How Do State Lemon Laws Apply
Lemon laws vary from state to state, but the basics are fairly consistent. If the dealer can’t correct the nonconformity in your vehicle after a reasonable number of attempts – after you’ve owned the SUV for less than a specific amount of time or after you’ve put fewer than a specific number of miles on it – the state’s lemon law can help.
In New York, the number of attempts to repair the transmission problem that is considered reasonable is three or more. The time and mile limitations that apply to new cars are 24 months from the date of purchase and 18,000 miles, respectively – whichever comes first. Spending at least 30 days total in the shop for any repairs during that first 18 months also triggers the lemon law in New York.
In Pennsylvania, the minimum number of attempts considered reasonable to repair your new vehicle is also generally three. The amount of time and mile limitations that apply, however, are 12 months from the date of purchase and 12,000 miles, respectively – whichever comes first. Like New York, the lemon law also applies in Pennsylvania if your new vehicle needs to spend a total of at least 30 days in the shop for repairs during those first 12 months.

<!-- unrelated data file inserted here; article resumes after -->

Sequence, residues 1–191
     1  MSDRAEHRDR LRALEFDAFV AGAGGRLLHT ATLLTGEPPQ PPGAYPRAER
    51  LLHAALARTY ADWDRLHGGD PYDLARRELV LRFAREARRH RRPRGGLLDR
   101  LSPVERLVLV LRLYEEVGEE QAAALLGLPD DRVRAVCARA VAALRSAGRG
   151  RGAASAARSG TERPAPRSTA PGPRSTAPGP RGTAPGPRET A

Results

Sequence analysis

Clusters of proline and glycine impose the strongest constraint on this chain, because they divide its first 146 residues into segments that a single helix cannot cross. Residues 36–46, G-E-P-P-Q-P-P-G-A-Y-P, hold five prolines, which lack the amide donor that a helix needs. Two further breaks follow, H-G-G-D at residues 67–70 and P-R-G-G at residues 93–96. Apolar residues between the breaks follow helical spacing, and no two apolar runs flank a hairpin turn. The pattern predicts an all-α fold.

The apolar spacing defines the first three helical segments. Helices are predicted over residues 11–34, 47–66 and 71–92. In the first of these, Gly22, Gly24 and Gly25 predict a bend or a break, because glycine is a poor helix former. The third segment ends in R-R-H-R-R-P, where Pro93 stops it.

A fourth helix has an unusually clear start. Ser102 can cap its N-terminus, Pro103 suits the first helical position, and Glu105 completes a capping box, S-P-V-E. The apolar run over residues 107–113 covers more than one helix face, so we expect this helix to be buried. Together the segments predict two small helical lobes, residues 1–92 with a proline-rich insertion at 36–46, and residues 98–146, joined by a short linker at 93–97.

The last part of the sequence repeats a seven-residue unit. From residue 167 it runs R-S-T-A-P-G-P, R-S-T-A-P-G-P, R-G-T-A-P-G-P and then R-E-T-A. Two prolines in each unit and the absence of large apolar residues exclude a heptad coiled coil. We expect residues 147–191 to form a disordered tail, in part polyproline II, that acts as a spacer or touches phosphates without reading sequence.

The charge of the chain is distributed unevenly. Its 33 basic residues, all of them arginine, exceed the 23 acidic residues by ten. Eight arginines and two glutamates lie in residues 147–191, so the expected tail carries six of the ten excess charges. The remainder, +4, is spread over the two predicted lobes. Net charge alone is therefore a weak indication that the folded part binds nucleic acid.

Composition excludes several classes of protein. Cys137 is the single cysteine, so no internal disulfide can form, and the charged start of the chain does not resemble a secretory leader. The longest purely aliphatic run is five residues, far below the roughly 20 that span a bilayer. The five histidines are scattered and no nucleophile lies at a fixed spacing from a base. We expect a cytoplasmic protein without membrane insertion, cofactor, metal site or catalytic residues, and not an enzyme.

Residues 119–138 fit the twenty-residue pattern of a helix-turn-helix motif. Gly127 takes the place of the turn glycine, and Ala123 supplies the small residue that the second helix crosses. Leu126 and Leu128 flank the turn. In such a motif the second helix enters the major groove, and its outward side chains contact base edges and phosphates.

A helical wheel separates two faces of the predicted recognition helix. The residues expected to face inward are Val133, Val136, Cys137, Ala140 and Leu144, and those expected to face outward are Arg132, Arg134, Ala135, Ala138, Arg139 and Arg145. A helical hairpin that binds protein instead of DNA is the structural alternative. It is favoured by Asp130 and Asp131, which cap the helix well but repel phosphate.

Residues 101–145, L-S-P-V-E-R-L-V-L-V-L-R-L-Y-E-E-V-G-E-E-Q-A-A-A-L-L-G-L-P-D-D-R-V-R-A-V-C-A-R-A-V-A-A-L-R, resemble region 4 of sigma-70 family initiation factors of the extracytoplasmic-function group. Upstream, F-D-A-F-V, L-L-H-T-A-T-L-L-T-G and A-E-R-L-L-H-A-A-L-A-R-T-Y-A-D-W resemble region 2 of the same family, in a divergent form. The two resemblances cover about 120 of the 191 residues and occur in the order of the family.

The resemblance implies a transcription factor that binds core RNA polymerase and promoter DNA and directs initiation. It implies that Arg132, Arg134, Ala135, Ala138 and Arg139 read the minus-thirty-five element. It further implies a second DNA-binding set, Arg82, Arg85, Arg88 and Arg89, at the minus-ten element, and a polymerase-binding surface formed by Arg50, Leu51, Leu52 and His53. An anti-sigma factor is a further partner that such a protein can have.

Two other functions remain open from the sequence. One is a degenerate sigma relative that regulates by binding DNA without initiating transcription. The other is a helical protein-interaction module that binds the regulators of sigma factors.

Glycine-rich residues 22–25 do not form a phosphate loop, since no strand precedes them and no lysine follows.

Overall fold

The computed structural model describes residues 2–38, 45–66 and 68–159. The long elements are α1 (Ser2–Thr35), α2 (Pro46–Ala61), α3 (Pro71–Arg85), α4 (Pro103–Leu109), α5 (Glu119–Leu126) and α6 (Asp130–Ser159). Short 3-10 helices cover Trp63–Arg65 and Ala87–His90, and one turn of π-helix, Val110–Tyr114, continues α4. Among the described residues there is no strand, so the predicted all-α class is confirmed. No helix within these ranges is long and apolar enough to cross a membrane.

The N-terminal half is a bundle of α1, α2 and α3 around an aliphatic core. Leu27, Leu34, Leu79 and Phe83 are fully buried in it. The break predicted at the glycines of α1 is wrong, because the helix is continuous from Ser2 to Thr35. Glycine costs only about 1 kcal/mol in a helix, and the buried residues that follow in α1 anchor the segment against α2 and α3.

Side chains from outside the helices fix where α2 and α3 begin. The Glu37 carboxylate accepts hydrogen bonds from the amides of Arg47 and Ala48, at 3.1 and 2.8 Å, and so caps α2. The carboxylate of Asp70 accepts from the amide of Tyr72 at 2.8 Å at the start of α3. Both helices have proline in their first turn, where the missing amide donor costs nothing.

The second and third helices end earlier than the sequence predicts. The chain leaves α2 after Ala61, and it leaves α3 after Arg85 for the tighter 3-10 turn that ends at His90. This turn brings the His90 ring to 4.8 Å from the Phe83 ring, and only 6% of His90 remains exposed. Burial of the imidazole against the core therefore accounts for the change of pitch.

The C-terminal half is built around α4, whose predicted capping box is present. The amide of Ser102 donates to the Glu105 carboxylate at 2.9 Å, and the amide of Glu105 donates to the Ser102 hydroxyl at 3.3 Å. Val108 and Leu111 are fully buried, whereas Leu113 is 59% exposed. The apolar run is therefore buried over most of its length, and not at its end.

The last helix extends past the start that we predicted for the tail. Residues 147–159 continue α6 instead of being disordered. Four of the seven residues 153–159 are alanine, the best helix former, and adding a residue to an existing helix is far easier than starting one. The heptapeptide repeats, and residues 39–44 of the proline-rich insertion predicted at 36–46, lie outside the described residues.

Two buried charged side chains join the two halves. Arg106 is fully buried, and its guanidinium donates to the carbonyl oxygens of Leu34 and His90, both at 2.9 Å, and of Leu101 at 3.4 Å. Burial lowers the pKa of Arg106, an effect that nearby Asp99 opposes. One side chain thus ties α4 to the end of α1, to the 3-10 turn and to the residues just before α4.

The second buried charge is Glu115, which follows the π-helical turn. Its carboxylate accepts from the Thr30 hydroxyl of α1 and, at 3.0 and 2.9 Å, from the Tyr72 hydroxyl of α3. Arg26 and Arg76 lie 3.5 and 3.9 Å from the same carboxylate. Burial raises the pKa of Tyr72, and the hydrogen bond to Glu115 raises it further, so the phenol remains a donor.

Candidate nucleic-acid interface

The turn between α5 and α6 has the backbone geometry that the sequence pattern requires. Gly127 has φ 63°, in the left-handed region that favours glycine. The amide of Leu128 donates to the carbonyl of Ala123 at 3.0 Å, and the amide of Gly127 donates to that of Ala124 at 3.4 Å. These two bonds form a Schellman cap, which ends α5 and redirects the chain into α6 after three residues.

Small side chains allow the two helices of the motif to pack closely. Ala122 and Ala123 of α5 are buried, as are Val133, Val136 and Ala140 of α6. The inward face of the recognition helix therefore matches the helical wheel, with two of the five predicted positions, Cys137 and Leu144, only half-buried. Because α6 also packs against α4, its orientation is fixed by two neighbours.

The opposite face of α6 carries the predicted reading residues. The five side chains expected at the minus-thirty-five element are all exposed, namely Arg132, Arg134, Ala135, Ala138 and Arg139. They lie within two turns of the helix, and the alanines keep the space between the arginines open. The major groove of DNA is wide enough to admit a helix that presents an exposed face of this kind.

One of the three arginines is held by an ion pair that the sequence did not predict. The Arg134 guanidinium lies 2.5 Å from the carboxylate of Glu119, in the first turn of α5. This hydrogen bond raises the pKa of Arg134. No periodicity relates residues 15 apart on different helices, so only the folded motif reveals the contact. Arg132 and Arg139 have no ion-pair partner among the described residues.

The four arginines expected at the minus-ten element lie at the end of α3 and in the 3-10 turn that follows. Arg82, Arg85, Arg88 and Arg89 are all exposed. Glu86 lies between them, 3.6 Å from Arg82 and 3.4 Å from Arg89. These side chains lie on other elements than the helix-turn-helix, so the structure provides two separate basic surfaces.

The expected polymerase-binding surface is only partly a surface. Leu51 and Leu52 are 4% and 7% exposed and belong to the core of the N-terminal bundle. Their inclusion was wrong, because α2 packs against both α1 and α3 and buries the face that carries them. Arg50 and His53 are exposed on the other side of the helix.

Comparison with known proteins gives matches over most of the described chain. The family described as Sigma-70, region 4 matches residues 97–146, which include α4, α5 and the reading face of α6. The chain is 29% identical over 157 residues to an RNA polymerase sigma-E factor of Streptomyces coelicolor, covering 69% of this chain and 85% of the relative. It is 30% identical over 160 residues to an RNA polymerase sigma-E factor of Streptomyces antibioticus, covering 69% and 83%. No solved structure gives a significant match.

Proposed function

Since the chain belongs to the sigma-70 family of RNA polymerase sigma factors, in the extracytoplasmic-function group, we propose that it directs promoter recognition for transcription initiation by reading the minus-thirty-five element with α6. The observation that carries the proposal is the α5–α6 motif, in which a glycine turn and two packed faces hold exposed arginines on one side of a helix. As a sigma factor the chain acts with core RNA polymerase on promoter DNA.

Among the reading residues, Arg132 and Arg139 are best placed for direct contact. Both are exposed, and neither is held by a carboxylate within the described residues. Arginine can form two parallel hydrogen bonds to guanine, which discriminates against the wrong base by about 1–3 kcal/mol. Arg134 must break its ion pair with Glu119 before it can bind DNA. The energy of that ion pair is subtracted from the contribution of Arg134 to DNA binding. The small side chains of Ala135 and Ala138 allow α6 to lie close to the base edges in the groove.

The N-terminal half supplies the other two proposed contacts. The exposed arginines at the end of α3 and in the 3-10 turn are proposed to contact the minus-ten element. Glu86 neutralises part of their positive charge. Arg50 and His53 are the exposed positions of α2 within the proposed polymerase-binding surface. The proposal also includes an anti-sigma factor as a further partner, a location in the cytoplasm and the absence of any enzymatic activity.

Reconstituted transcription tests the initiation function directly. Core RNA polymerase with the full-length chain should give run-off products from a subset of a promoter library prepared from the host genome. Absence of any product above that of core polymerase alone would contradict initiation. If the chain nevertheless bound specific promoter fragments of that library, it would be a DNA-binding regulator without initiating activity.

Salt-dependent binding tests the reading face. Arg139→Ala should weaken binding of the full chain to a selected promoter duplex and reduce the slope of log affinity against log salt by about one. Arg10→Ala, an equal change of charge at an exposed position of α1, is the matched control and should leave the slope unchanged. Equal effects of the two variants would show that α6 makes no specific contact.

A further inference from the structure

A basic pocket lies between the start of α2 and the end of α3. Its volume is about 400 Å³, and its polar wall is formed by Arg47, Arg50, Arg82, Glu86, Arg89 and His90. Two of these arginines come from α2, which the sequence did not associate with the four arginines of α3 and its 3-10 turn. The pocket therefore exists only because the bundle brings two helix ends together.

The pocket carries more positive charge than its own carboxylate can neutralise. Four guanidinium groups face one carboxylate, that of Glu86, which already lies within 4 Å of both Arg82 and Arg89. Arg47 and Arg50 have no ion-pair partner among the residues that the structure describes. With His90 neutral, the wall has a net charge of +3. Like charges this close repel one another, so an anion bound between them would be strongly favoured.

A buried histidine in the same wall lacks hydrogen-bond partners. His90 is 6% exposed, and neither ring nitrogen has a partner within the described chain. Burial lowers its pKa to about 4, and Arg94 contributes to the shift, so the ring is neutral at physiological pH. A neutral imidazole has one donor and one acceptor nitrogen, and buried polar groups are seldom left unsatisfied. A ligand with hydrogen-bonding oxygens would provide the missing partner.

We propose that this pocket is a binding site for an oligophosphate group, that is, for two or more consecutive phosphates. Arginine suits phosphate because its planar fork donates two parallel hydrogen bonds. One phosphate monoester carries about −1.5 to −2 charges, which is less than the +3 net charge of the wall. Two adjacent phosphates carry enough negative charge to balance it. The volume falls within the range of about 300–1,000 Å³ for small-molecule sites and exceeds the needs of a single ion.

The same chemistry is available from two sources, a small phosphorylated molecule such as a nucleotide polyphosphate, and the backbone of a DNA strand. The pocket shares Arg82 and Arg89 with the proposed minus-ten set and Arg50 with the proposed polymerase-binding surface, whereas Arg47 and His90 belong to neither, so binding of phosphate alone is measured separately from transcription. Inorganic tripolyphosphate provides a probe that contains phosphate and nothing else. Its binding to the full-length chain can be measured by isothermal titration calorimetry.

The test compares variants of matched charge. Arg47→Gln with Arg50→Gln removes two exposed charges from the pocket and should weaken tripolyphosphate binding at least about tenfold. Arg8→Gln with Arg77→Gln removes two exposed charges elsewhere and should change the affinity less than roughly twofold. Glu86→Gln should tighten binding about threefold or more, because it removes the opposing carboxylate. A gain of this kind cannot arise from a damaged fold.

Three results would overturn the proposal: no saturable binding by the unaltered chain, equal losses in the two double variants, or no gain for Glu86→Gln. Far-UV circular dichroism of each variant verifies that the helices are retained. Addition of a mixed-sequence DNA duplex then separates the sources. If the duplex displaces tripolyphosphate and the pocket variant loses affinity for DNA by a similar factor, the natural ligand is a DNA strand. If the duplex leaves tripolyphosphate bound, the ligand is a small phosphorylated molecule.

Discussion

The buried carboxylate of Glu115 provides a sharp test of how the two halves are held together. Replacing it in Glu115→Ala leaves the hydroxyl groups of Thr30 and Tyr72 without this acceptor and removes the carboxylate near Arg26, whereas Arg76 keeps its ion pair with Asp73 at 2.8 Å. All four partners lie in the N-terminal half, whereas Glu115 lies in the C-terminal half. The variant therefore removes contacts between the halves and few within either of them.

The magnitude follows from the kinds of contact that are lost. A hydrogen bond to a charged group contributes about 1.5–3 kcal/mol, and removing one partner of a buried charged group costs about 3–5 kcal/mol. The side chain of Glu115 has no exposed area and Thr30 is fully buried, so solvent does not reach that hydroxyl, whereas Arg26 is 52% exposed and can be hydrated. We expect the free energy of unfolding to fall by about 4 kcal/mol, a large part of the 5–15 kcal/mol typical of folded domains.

Like New York, New Jersey sets the bar for a reasonable number of repair attempts for new cars at a minimum of three. It also sets the time limit at 24 months from the date of purchase, but the mileage threshold is set higher – at 24,000 – whichever comes first. Finally, the lemon law also applies if your vehicle has to spend a specific number of days in the shop for repair during the prescribed time frame, but the cap is set at an abbreviated 20 days.